Liberals don’t like to admit their errors, even en famille, but there is a hint of atonement in their collective decision to elevate the Mandarins and demote the Lifers (hello,

Joe Volpe) among their aspiring leaders. A sense that the Adscam mess and the excesses of the Martin leadership campaign became possible because there was a little too much mastery of Ottawa’s complex rules going on, not enough dispassionate analysis. Dion, Rae and Ignatieff represent the old party’s cleaning crew.

This is no guarantee of success—and may in fact be reflected in the numbers that show Liberals think him less likely to win an election—but in a race dominated by Mandarins, Dion is the most Mandarin-like among them.

“He still believes that he will win because of policy,” the campaign staffer reported last week. The other stuff, the presence and polish most ambitious politicians strive for, must very nearly be forced on Dion. This is most evident in his continuing inability to express himself clearly in English.

At an unofficial debate among Liberal leadership candidates last month in Surrey, B.C., Dion’s lofty ambitions and limited grammar made him sound like an ungainly cross between Walt Whitman and Gumby.

“Look your resources and oceans!” he told the crowd. “Look your forests!” The “crisis of energy,” he said gravely, “is coming big like the moon.” And near the end, with the air of somebody who was delivering the bottom-line rationale for his entire political career, he said: “We are playing the role of Canada in the century.”

Listeners with some knowledge of French have more luck decoding Dion than others. What he meant to say was, “What is at

stake is the role Canada can play in the new century.” But it doesn’t come out that way. And while his staff have hired dialect coaches to make his pronunciation more comprehensible, the rigours of constant campaigning have left him with little time to improve his English.

But there is an element of fearlessness to Dion that keeps surprising Liberals by how frequently it charms them. A cartoonist for La Presse drew him as a rat for eight years; he is long past getting rattled by a little controversy. One of the questions at the


Surrey debate was about soaring gasoline prices. It was, in effect, an invitation to pander to Liberals on a consumer issue. Dion refused to play. “I have bad news,” he announced cheerfully. “It will only get worse.” With China putting millions of new cars on the road every month, he said, Canada had better use less fuel if Canadians want lower fuel bills.

This eat-your-spinach theme keeps recurring in Dion’s discourse, and if nothing else it has the virtue of bracing novelty. At a fundraiser in August in Ottawa’s Little Italy neighbourhood, Dion came close to arguing that he would solve Canada’s national unity tensions by assigning difficult homework to everyone. “The goal I want to give my country is so demanding, so difficult, so ambitious, that we can only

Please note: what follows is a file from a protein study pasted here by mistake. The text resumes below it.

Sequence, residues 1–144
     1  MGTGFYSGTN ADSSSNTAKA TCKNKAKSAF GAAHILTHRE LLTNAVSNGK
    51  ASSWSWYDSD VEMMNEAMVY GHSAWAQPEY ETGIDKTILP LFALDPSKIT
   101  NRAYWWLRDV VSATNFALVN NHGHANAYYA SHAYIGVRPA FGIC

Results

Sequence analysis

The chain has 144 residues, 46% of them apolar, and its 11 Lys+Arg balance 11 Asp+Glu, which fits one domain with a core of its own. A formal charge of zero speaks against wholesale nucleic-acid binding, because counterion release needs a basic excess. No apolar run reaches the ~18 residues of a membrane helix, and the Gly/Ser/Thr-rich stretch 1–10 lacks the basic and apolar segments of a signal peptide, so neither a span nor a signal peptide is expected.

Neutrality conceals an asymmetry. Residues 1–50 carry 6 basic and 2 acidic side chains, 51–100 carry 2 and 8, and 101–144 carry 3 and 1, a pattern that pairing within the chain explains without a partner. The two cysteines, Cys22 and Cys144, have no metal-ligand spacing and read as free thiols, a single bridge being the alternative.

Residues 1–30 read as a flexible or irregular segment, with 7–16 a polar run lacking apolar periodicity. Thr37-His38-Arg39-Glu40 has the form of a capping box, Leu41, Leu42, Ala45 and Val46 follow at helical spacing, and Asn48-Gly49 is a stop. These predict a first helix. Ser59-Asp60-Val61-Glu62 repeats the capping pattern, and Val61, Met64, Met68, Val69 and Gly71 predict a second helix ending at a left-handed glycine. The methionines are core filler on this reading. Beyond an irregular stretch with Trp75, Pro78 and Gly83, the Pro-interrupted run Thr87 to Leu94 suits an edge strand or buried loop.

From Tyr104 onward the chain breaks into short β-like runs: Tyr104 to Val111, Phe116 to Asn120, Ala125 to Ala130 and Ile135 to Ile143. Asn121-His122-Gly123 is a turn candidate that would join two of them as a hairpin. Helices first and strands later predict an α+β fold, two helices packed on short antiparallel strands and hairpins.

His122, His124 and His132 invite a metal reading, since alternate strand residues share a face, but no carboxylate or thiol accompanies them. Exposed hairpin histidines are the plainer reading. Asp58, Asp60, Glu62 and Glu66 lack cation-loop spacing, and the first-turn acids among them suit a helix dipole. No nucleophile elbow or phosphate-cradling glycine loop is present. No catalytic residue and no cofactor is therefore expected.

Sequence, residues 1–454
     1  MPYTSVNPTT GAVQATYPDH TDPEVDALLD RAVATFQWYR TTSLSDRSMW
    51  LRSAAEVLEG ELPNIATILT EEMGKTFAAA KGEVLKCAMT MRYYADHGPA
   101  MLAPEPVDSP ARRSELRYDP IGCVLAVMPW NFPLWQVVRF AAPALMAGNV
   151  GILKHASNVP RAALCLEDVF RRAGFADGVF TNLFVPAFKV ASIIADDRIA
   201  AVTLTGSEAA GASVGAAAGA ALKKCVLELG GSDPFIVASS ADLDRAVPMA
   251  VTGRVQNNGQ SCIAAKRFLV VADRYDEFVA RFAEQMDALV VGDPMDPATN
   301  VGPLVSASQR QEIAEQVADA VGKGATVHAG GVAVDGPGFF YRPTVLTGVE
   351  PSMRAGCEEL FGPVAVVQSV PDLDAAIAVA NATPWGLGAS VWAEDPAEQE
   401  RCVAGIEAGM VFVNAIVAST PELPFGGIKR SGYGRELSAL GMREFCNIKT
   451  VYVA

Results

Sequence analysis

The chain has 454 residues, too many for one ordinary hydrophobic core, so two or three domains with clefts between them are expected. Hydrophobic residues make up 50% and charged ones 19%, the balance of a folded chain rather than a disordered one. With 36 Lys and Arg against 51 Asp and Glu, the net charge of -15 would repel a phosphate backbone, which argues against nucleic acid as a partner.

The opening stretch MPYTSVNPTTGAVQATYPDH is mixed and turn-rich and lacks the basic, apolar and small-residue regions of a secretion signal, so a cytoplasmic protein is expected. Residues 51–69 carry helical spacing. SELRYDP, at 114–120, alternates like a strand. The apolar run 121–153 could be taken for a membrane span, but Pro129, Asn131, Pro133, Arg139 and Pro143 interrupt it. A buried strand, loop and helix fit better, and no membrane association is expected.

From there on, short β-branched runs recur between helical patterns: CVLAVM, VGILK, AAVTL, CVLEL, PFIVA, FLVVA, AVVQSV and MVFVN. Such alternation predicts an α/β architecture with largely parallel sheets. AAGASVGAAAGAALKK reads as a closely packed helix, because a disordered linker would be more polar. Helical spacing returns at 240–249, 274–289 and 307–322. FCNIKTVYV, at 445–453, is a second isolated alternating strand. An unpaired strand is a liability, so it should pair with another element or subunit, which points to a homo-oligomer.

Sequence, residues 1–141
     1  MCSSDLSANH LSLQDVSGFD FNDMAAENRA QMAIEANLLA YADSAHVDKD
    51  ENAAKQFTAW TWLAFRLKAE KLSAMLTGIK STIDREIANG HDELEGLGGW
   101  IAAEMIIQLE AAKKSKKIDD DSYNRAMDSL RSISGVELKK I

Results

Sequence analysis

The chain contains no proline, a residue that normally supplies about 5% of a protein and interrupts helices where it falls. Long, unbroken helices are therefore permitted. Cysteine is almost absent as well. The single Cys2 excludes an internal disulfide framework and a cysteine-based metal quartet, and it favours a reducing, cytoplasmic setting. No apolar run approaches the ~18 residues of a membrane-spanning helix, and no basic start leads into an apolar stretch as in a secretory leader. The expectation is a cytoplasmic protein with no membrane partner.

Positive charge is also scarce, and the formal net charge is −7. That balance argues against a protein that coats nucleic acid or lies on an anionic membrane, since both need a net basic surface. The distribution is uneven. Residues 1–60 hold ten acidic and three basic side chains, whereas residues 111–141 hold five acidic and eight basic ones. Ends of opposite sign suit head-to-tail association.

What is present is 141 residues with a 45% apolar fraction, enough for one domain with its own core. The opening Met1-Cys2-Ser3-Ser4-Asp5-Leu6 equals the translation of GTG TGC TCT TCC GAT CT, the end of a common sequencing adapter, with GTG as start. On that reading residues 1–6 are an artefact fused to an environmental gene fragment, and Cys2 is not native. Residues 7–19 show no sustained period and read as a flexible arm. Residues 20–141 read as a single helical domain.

succeed if everyone contributes,” he said.

This is the “three pillars” philosophy at the centre of Dion’s campaign. It excites him terribly—“I know of no project more engrossing,” he says at every stop. It is, simply, that a clean environment must be elevated to the same priority as social justice and a competitive economy among Liberal values. But since Dion was environment minister the last time he was minister of anything, he winds up talking more often about the environment than anything else. He has not scheduled a major speech about economic issues until October—after the Super Weekend delegate elections.

Here again, Dion comes off a little tone deaf. The same Ekos poll that showed Liberal skepticism about his ability to win an election suggested Dion’s favoured topics aren’t Liberals’. When asked what issues were most important for a government, 34 per cent of Liberals named the economy; 26 per cent named social programs; and a comparatively slim 21 per cent named the environment.

So the quick learner who was such a surprise as a cabinet minister, and then as a backbencher, and then as a leadership candidate surging from the back of the pack, has not yet persuaded Liberals he can master the skill they treasure most: winning. Yet even though, as a Dion admirer for more than a decade, I have also found his performance in this campaign less than entirely convincing, I can’t help hoping Liberals give him a second look.

Michael Ignatieff has been far less surefooted since he left the campus than Dion was at a similar point in his own transition. Ignatieff’s former support for the war in Iraq and his current support for the Afghanistan deployment make him a hard sell in Quebec. His support for reopening the Constitution to recognize a “Quebec nation” makes him a harder sell everywhere else. Rae’s experience and his battle-hardened campaign team, led by his brother John Rae, are real assets. But, as a senior Conservative MP told me this week, “We’ve already got the ads in the can: ‘He’ll do to Canada what he did to Ontario.’ ”

Dion offers only confidence, encyclopedic interests, and a decade at the centre of the nation’s most gruelling debates, a trial by fire that he endured, we can say now in hindsight, with extraordinary good grace. He has surprised his adopted party at every turn. It would be reasonable to expect he is not done surprising. M